Top 10 biggest social media stories of 2009

Facebook, Twitter, and the rest

Technology trends and news by Ronny Kerr
December 14, 2009 | Comments (15)
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Since Friendster's founding in 2002, social networking sites have changed quite a bit. Through the rise and development of more and more networks--MySpace, Facebook, Twitter, and beyond--we have seen time and time again that social media is a constantly evolving entity, one that's difficult to pin down easily. 2009 was no different. From the enormous valuations and market-changing acquisitions down to the small ways in which social networking is affecting our lives, 2009 rocked the social Web. Here we look at the ten biggest social media stories of the year. 

1. Twitter valuation at $1 billion

In case you missed it, Twitter blew up this year. It was just a small sign of things to come when the site noted 5x normal tweets per second on Inauguration Day on January 20th. For the first half of the year, the micro-blogging service experienced a rocket-ship trajectory. Twitter received so much media attention that in June it was calculated that the site had received $48 million in free media coverage. Growth of the site reached such incredible heights in the first six months that CEO Evan Williams had to assure everybody that the growth plateau in the second half of 2009 was only temporary. The Twitter noise may have reached the peak of its crescendo in September, wtwitterhen, in anticipation of the startup's closing of a $100 million Series D funding round, rumors swirled that investors valued the company at $1 billion. On top of everything else, the Global Language Monitor named "Twitter" the top word of 2009:

"In a year dominated by world-shaking political events, a pandemic, the after effects of a financial tsunami and the death of a revered pop icon, the word Twitter stands above all the other words," said a Global Language Monitor spokesperson.

2. Facebook buys FriendFeed

Facebook goes cash-flow positive (September). Facebook hits 300 million users (also September). Facebook shares rise 42% in four months (November). Facebook hits 350 million users (December). There were a lot of notable Facebook stories this year and most of them simply reiterated the same thing in different words: "Facebook is still growing. A lot." One story, however, underscores how Facebook is becoming a notable and viable acquirer. In August, Facebook made a combined $15 million cash and $32.5 million stock purchase of microblogging site FriendFeed. To the dismay of FriendFeed fans, Facebook was motivated simply to purchase the staff behind the technology at FriendFeed, leaving the service to see no future development. Though we have not yet seen any tangible results from FriendFeed developers moving over to Facebook, for now we can only assume that they are working on something awesome.

3. EA acquires Playfish for $275 million

As the Web continues EA + Playfishto evolve, it seems like social media is changing the way we do just about everything. The video game industry, which for years has pushed towards the biggest, loudest, most powerful consoles yet, got a bit of a wake-up call in early November when Electronic Arts, one of the world's largest third-party game publishers, paid $275 million in cash for a little social gaming company called Playfish. If Playfish meets certain criteria by the end of 2011, Playfish's former owners could receive another $100 million. That's a lot of money for a company that designs poker and restaurant games, free games that collect revenue via the sale of virtual goods, solely for social networking sites like Facebook. EA foresees mobile and online games will continue to make up more and more of the gaming industry in 2010. In attracting one of the most well-known game publishers and in reaching nearly 60 million monthly active users worldwide, Playfish is proving that social games like Pet Society, Restaurant City, and Country Story are here to stay.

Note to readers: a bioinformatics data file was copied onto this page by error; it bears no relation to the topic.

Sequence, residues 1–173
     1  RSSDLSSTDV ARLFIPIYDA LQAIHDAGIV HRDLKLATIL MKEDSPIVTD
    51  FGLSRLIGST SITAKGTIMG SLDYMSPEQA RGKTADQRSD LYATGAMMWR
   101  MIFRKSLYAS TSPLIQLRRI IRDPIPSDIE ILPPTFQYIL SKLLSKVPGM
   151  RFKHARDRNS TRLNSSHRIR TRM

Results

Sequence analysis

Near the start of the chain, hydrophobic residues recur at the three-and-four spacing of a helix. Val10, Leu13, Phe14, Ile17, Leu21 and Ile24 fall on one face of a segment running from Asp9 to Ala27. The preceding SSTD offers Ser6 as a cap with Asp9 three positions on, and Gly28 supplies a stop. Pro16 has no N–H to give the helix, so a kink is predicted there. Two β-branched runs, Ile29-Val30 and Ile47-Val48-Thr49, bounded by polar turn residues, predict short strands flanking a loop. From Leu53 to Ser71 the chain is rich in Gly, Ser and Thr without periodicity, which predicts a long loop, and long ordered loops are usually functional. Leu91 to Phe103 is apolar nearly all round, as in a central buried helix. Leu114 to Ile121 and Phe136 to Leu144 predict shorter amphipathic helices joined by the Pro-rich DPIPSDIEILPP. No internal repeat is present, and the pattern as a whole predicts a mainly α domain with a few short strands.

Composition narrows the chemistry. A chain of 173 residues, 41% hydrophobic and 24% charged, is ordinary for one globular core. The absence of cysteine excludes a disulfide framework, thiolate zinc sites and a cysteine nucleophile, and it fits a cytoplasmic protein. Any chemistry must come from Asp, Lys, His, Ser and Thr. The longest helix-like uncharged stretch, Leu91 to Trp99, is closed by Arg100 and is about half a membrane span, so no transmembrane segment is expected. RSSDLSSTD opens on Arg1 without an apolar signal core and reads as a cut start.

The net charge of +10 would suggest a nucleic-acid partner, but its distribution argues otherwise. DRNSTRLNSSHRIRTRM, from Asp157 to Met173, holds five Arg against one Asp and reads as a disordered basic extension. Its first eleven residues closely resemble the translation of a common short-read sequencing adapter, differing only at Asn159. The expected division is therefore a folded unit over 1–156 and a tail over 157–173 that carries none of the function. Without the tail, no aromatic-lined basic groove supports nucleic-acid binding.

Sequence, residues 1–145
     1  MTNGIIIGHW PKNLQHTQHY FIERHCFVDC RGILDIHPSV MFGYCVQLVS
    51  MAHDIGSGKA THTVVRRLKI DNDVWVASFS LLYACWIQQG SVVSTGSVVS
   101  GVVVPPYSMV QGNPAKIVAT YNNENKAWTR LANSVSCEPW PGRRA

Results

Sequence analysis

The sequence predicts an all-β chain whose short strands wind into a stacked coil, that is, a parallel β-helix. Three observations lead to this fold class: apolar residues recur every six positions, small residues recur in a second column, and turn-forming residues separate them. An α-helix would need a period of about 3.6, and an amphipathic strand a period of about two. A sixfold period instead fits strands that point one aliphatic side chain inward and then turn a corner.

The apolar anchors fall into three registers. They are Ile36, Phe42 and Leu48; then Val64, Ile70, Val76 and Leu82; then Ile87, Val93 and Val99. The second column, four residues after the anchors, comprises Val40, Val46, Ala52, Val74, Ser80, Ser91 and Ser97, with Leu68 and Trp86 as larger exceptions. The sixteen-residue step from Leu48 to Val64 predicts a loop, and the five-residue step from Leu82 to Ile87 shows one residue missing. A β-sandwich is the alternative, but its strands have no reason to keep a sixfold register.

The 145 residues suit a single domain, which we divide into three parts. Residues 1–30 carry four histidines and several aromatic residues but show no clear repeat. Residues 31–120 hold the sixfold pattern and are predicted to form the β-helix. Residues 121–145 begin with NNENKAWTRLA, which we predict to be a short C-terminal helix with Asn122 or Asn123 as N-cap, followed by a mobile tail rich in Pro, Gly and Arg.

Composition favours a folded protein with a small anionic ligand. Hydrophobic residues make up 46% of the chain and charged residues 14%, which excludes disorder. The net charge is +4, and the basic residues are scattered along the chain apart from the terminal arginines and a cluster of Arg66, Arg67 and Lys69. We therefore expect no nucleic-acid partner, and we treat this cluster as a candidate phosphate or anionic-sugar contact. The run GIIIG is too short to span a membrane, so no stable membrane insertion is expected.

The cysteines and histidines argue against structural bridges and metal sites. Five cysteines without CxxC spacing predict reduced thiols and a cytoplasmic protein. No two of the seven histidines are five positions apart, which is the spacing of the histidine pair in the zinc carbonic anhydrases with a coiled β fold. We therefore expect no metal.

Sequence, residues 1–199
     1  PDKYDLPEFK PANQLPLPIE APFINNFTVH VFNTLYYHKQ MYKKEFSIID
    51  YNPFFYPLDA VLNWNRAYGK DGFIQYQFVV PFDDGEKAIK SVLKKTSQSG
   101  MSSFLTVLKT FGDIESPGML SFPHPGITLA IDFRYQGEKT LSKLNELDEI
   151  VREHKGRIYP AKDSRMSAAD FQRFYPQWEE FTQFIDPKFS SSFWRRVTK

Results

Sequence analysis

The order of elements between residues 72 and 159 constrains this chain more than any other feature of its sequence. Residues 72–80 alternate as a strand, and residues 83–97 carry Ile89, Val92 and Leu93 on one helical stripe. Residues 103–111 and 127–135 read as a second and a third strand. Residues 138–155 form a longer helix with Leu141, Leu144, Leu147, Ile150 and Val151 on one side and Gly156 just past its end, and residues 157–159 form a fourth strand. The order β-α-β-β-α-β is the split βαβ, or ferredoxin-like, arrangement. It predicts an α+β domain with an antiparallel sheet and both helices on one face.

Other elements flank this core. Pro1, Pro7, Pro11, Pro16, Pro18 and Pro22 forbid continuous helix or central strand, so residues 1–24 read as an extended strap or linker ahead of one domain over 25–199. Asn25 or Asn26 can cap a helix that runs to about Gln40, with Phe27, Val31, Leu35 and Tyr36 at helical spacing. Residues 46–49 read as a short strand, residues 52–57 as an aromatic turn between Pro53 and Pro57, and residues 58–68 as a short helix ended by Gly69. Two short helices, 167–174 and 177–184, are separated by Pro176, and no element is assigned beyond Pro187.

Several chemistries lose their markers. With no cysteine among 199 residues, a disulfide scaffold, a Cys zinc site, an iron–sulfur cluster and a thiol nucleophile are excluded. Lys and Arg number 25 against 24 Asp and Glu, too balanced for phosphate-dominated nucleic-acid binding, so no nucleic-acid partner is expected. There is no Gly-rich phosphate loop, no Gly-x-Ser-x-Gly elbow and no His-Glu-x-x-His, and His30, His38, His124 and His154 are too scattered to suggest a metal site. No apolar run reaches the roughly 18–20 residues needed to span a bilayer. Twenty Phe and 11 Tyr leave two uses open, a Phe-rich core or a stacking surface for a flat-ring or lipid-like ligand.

4. Zynga worth $1 billion

A couple of weeks after EA's acquisition of Playfish, speculation arose that Zynga - a Playfish competitor and the leadingFarmVille social gaming company today - was worth about $1 billion, since EA paid 3-4 times the revenue generated by Playfish. With incredibly popular games like Mafia Wars and FarmVille, Zynga sees 100 million monthly unique visitors and has registered over 200 million active users. FarmVille, the most popular social networking game ever with almost 75 million monthly active users, has been expanded by Zynga to a stand-alone site, where users sign in with Facebook Connect. Despite some controversy over scam offers made via advertising in Zynga games, which the company has since made efforts to diminish, Zynga is yet another example of social gaming on the rise. [Note: Zynga CEO Mark Pincus is presenting a keynote at Vator Splash on February, 4, 2010 in San Francisco. Mark your calendars.]

5. MySpace acquires iLike for $20 million
ILike's sale to MySpace underscores that it's a hit or miss world out there. While iLike had significant traffic of some 55 million users, and had grown to be one of the most popular social music discovery services with applications on Facebook, Orkut, hi5 and Bebo, it only fetched $20 million in a buyout by MySpace. The sales price puts iLike in a stark juxtaposition to Zynga - which is estimated to be worth $1 billion, and underscores the uncertainty of a startup's future and exit when there is no monetization plan in sight. While iLike appeared to be on the road to greatness with its 55 million users, its exit valuation clearly signaled that unless a company knows how to monetize its users, the market won't pay up.